Living-wills bill moves from House to Senate

Patients can refuse treatment but doctors can object

Living-wills bill moves from House to Senate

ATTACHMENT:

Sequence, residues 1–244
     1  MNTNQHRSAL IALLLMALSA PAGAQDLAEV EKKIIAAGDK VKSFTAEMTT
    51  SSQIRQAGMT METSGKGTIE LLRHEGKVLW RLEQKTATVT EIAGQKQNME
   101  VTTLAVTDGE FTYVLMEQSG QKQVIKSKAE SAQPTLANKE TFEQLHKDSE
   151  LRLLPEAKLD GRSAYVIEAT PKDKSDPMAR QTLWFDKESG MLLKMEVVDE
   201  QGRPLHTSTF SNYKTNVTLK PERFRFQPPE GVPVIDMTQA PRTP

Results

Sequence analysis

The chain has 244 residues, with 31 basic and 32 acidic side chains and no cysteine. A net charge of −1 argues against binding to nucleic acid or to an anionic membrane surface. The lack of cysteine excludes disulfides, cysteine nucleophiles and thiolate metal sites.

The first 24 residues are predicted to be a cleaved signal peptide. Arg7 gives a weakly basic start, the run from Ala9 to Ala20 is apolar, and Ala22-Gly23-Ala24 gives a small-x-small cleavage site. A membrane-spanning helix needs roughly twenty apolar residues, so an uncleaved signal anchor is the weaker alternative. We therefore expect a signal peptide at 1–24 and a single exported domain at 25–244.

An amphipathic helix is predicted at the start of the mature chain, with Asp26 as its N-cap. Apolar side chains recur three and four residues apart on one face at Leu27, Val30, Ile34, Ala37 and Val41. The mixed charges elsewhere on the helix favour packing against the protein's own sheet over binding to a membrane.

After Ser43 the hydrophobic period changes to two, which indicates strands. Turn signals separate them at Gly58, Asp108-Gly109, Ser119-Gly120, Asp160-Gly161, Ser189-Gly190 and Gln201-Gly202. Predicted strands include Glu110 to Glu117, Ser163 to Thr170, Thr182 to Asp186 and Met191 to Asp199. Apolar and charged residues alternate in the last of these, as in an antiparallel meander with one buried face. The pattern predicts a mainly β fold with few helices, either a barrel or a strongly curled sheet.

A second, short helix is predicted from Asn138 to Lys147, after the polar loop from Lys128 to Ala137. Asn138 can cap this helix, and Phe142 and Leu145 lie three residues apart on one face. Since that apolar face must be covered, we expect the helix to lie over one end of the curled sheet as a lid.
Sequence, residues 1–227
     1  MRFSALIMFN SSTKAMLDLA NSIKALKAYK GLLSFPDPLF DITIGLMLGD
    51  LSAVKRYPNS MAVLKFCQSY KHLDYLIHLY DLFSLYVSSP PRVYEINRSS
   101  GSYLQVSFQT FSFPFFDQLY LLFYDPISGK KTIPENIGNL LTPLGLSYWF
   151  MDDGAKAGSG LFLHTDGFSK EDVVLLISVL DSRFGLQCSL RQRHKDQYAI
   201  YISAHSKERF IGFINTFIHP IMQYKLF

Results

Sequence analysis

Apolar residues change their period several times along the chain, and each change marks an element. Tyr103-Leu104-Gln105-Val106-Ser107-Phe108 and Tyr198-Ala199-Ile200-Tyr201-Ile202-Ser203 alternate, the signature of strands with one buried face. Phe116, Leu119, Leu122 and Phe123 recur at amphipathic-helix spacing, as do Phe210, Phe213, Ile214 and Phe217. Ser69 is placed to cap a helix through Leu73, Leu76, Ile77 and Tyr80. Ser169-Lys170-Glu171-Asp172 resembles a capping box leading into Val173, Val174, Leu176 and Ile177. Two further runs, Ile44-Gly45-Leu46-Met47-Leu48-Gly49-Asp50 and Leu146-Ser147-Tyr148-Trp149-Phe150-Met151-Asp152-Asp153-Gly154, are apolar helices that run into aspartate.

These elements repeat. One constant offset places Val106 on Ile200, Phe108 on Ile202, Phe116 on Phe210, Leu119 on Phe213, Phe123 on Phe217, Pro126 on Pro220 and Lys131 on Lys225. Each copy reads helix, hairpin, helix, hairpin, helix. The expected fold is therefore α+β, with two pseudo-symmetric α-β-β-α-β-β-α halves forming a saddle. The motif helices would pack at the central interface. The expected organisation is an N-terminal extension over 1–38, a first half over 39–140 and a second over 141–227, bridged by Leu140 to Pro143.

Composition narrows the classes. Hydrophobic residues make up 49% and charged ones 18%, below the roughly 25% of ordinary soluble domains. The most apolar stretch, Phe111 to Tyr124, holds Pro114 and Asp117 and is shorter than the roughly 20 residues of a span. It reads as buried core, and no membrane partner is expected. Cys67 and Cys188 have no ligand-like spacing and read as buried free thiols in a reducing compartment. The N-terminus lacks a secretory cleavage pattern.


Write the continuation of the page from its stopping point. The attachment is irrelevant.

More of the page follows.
Rome, April 21 - A bill on living wills passed from the Lower House to the Senate Thursday evening by 324 votes to 37. A living will, also called a directive to physicians or advance directive, is a document that lets people state their wishes for end-of-life medical care, in case they become unable to communicate their decisions. According to the present shape of the bill, which has been contested by Catholics, terminally ill patients can state beforehand a refusal of treatment but doctors can refuse to comply with their wishes because of conscientious objection. According to the bill, there is a ban on excessive and unnecessary end-of-life treatment and a recognition of the patient's right to refuse treatment, also in Catholic clinics. But the doctor may refuse to pull the plug because of conscientious objection.

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